The Federal Communications Commission (FCC) should act quickly to regulate the market for telecommunications services used by big businesses, competitive carriers and Internet Service Providers, three public interest groups told the Commission.
In a June 10 letter, Public Knowledge, the New America Foundation and Media Access Project urged the Commission to turn down a request from the telecommunications industry for yet another data request on the special access markets.
“Letter to FCC Acting Chairman Copps re Special Access for Price Rates for Price Cap Local Exchange Carriers”
“If the Commission does decide it must refresh the record for the second time since beginning this proceeding in 2005, it should issue a short, targeted request enforced by the power to compel full responses from incumbent and competitive providers,” the groups said. In addition, the groups objected to the terms of the data request proposed by the U.S. Telecom Association, because of the non-disclosure conditions attached.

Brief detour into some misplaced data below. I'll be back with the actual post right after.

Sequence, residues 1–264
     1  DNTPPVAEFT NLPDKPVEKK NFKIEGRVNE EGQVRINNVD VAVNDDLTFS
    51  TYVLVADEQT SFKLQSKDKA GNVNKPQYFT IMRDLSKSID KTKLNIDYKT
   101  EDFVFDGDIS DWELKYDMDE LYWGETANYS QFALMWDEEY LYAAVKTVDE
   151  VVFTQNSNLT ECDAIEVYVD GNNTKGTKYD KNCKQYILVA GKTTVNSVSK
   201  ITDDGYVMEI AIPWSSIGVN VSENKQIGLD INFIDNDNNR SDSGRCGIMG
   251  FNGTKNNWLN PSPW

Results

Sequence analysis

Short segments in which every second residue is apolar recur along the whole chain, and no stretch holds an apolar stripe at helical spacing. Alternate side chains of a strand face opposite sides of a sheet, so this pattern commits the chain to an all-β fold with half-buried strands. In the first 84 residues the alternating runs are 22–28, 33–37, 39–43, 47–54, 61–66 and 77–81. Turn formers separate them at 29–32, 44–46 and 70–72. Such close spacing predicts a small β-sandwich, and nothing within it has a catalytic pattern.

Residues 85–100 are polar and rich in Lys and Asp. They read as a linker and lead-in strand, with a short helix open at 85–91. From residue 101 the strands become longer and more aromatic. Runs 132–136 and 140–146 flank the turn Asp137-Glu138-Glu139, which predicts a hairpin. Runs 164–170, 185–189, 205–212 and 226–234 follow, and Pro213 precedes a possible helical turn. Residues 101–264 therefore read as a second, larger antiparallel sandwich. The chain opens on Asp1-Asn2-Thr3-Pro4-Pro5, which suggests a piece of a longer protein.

There is good reason to act now, the groups argued, because, “The Commission's decision in 2000 to rely primarily on the market alone to develop competition in special access has resulted in higher prices and market dominance by incumbent providers such as Qwest, AT&T and Verizon. This, in turn, has seriously impeded the development of a competitive market in either broadband or wireless.”
The data provided when the Commission looked at the issue in 2005, and collected since then, shows that, “due to the lack of an effective system to measure and regulate competition in the special access market, incumbents continue to overcharge their competitors for wholesale access to high-speed digital lines. Steep special access rates and unreasonable terms and conditions prevent competitor carriers from building infrastructure and offering services necessary for reasonable competition, driving prices to consumers and delaying the deployment of broadband services in rural areas and the emergence of competing broadband providers even in more densely populated areas,” the letter said.
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